By Marie DuPasquier
The rough cemented grain of a modern architecture, a hummed excerpt of Jolene or the wash painted-like color of a favorite cocktail. Many are the fragments captured by Brigit Naef to constitute her assortment. Collected over time, they are kept in the grid of her mind. According to her desire, mood and humor, she is then able to draw materials, forms, colors, patterns out of this infinite repertoire and select the adequate components to form the next piece. It will start somewhere and finish elsewhere.
Brigit Naef is guided by associations. If it is about finding the right material relationships, the appropriate paint or lacquer adhering to the specific surface, she would start over and over until she gets the exact formula and goes on, eventually, sometimes for very long periods of time. Although, her practice does not consist solely of a sum of physical components but consciously involves a whole set of more or less abstract relationships. The specific sonority of a title; a word to be associated with a rosy almost marbled glaze; sounds and speech, fantasy or everyday anecdotes nourish in a quasi-synesthetic way the same ambition. Brigit Naef works with associations of materials and ideas, she likes false evidences, makebelieves to gently mislead the viewer. As soon as a shape would seem too familiar, even just like a blurry souvenir of a faraway recurrent reverie, she would willingly rearrange the assemblage to distort obvious connotations.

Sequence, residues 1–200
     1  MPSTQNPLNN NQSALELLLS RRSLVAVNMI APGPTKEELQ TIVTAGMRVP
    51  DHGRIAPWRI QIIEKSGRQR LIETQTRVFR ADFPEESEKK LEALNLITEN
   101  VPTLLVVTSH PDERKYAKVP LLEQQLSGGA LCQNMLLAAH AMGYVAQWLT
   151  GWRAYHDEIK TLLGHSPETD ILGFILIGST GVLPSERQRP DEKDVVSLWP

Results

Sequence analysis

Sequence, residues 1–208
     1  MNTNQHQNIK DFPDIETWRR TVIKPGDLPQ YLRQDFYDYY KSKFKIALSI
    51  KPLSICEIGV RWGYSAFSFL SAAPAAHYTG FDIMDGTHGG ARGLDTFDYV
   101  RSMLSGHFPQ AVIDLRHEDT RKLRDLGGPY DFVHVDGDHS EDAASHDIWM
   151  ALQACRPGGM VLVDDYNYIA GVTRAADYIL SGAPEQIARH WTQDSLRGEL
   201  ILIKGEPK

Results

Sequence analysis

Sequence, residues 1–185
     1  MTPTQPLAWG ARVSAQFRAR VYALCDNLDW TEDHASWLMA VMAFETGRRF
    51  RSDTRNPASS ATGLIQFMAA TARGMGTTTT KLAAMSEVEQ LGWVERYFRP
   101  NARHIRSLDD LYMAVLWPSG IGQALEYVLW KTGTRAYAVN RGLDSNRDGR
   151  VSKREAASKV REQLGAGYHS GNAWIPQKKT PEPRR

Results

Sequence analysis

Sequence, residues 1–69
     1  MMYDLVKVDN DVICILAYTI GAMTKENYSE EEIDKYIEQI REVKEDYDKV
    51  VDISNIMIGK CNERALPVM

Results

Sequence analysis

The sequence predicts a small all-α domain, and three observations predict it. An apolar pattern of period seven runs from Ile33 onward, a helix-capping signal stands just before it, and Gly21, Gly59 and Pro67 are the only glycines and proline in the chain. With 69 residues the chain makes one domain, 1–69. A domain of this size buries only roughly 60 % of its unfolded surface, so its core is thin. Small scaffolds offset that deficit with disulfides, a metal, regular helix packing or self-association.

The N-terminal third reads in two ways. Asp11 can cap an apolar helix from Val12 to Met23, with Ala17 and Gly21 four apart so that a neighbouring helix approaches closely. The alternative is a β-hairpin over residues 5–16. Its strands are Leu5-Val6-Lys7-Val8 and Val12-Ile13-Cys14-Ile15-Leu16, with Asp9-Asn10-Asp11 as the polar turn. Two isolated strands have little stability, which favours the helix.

Thus, going beyond functionalities and common uses of materials to make something else appear is part of her procedure. If textile, wood, glass, metal or pearl chains are regularly part of her pieces, her favored material remains first and foremost cardboard. It is with ease and rigor that she explores its properties and its endless transformational potential. Soft, malleable, stable, resistant. Her enchantment for materiality and assembly techniques stems in part from her long practice as a bookbinder and from the manufacturing of cardboard objects. From this derive her meticulous gestures and attention to technique and method. Not denying any proximity to design and crafts, she nevertheless constantly strives – in a subtle game of adherence and rejection – to escape their comfort and detach from them so as not to burden the pieces with these legacies.
The artist flirts cheerfully with architecture and ornamentation, as her works could project us into a bewildering spatiality, semblance of scale model or interior adornment, if their perspectives were not immediately obstructed. Wall piece, painting or object; sculpture and plinth at the same time, architectonic features. Composite elements, certainly. Their elegant simplicity disconcerts and makes them unclassifiable. Without being easily deciphered, the artworks aim to generously trigger a wide variety of emotions and titillate a spontaneous response from the viewer. Frisky and with a certain nonchalance, Brigit Naef elicits upwell sensations by the appreciation of the ordinary and the observation of simple beauty.